After stopping me out, price had run nearly to the pre-market high, but failed to test and break. I watch for an opportunity to get long for a second run at that level. The 1-min chart sets up an opportunity. There’s enough airspace from the entry price to the test of the high that I have “breathing room” to scratch the trade if the breakout fails to materialize. An acceptable stop loss is workable as well, so I place a buy stop to go long.
The order never triggers; instead, price quickly drops, and in the process signals a potential short trade. I quickly calculate the risk:reward based on my acceptable entry price, just as I did on the first trade. Everything fits my plan criteria and I place my limit order to sell short. Price just continues to drop without me on board. I have the momentary thought, “I should’ve just taken a first entry” but I know that’s only a hindsight thought. There was absolutely no reason whatsoever for me to have taken a first entry.
I watch patiently for the next setup that fits my plan. There are a couple potential setups, but the risk:reward for those particular entry levels doesn’t fit my plan. Suddenly, a 1-min bar sets up an entry with an acceptable cost and the chance for a minimum profit that’s twice the risk. I place my order and achieve the profit target rather quickly.
The key things here are focus on my trading plan criteria before anything else, the careful weighing of risk:reward based on technically reasonable price excursions, the ability to clear the slate after a losing trade, and the ability to shift from one directional bias to the other very quickly when the price action indicates it’s time to do so.
Recording yourself talking about these kinds of things while you trade could be quite helpful in keeping yourself on target throughout your trading session.
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Really great post as you walk the talk. Very difficult to wipe the slate clean after a loss or even after a (win) positive trade but I can really see how important keeping focus is and the "etch-a-sketch" analogy in your other post. As you know I still hesitate too often on my set-ups only to see most would work, but when you mentioned about looking at risk first to see if it fits in your plan and also that it makes sense on the chart. Reading your post one can see you were in the flow and accepting what the market was telling you and following your plan. Thank you
I wanted to go over the 2 trades I took today and mention what else I saw and if you have any thoughts on how I might improve.
I sent 2 charts of the 1 min and 1 chart of the 5 min. I plotted the opening price and watched price mostly hold early. Then the breakout on the 5 min bar #5 to the upside through the o/n high. That bar seemed to happen in a flash (to me anyway) and not like a normal spike but rather as if there were a few orders up higher and wham,,,,it went from point A to point B. I was looking for an entry on the 1 min but never saw one. 1 min bars 35 and 36 touched 95.35 and held,,,,then it sloped down and I put a sell stop at 95.34. Filled on bar 42. Risk above candle 41 because it could go 1 tick and reverse. The target was 10 ticks with the 20 ema below about 20 ticks away and the opening price below that. I covered on bar 49. I will not hold or trade 10 minutes before the report,,,Period. My plan calls for shorts below the 5 min 20 ema and 1 min ema,,,broke that one rule and broke the same rule on next trade also. Bar 22 on the 5 min chart high 94.10. I entered on 1 min bar 114 long with 20 tick target and was filled and now up 30 ticks on the day and feel lousy. I thought traders were trapped on the 1 min chart in bar 111,,, bar 113 low would be a stop out if it didnt break. Why do I feel lousy?,,,Went long below the 5 and 1 min ema's. I am not at a point to do that yet because I am looking for consistant days trading my plan and targets for the day. If I had more patience there were 2 of my set-ups later,,,,(which I did not take),,, Bar 36 on the 5 min (into upper TL),,with entry on 1 min bar 181. 5 min bar 37 entry on 1 min bar 186. Breakouts to the ema with enough room work if context is there but its not in my plan. I like the 5 min ema for direction NOW and completely went opposite it. Do you think this should be a hard and fast rule?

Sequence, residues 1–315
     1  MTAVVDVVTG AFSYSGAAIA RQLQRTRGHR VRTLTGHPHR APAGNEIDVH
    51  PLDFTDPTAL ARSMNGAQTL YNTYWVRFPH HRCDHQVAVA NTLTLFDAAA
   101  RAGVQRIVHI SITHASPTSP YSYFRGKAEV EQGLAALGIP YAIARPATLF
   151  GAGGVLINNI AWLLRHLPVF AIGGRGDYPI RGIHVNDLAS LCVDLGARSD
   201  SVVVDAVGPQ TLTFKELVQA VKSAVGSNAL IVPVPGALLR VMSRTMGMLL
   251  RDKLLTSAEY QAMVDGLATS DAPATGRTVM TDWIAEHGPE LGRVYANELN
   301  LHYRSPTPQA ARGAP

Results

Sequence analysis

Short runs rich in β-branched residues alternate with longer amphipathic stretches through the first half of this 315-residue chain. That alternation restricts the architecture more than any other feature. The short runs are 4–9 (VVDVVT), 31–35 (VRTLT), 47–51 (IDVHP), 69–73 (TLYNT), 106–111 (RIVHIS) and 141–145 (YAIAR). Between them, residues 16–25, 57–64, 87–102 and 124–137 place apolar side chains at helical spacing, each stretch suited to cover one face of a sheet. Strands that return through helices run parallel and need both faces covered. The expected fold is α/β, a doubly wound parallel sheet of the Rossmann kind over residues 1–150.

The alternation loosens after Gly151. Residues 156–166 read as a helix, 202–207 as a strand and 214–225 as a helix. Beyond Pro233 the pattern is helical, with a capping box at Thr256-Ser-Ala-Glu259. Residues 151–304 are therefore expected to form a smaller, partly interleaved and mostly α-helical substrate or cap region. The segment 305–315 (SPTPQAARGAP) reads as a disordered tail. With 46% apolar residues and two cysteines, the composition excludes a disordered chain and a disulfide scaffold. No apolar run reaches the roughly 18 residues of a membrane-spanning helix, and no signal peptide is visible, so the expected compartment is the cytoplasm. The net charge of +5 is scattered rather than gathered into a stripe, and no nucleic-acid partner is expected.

I think I saw a 1-2-3 pattern there on the 1 min ,,,not pretty and did not trade it but would you agree? Also,,,,bar 38 on the 5 min,,,,I watched that do what we talked about but it gave the entry first then fell in the 5 min bar 39 to 95.13 then ran up like a champ. I will keep an eye on that set-up also as with the 1-2-3 and perhaps add that to the tool belt over time. Sorry its so long but I wanted to talk about what I see and why I did what I did. Thanks again. Blue lines on both charts are 5 min 20 ema and red line is 1 min 20 ema.
Tom, if you want to add to your trading plan, do the research and if the stats are favorable, set up your rules. You seem to have a professional approach to the counter-trend trades, weighing the risk:reward potential, making sure everything’s contained in a way that allows you to accept a losing result without scaring the dog too badly.
As a scalper, I trade counter-trend setups fairly often when the sun, moon and stars are all in alignment for the trade. I was long at 9:51am (your time) for several reasons, not the least of which was the “trap” potential based on the 1min price action following the break of the 5-min bar high.
Regarding bar 38 on the 5-min chart: That setup is all about the context. Notice how price came quite close to testing the 95.55 high, but not quite. It’s like having an itchy spot on your back that you can almost reach but not quite. Chances are the market will go get a back scratcher and try to at least reach that itchy spot (the previous high).